LINGUIST List 16.116

Sun Jan 16 2005

Qs: Least Spoken Language; Acoustic Phonetics

Editor for this issue: Steven Moran <stevelinguistlist.org>


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Directory


        1.    Steve Butler, Least Spoken Language
        2.    Frederic Rousseaux, Acoustic Phonetics



Message 1: Least Spoken Language

Date: 13-Jan-2005
From: Steve Butler <steve.butlercitigroup.com>
Subject: Least Spoken Language


I remember many years ago that Guinness listed that two sisters where the
 only ones to communicate in their language.  I would appreicate it if you
 could confirm this ... including the sister's names and the language name
 given, if applicable.
 
 Steve 
 
 Linguistic Field(s): Not Applicable

Message 2: Acoustic Phonetics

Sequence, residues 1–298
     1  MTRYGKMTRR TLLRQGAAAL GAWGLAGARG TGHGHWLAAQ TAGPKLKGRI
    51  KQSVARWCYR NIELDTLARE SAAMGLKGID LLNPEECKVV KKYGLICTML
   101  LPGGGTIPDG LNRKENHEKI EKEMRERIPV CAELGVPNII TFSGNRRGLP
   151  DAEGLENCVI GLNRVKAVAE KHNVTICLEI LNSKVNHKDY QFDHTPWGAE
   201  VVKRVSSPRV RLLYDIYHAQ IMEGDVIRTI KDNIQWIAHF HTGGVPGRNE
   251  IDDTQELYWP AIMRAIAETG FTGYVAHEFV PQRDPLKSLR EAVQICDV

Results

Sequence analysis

Date: 16-Jan-2005
From: Frederic Rousseaux <guy.fleegmannumericable.fr>
Subject: Acoustic Phonetics


Hello,

first of all, merry Xmas and happy new year!

And now for the linguist part. I searched a lot for acoustic phonetics, but
it seemed the topic became somewhat specialized on ''material'' issues
(speech recognition, synthetic speech, speech ''transport'' and so on).
I wonder if there is a acoutic classification of sounds, in the way there's
an articulatory one (plosives, fricatives, approximants etc.). Whereever i
go, I found a somewhat clear classification of vowels (acute/grave and
compact/diffuse), but when it comes to consonants, well... all i get is
acoustic properties of consonants listed in articulatory order... So, are
acoustic phonetics still young, or is there simply no way of decribing
speech sounds in a pure acoustic way? (i'm aware that a consonant is
identified mostly by the way it interacts with a vowel... maybe that's my
answer, sigh.)

thank you for reading,

i hope i was clear, for this is a rather technical english considering the
english i'm used to use (used to use... is that correct? seems awkward)

Best regards,

Frederic ROUSSEAUX
France. 


Linguistic Field(s): Phonetics
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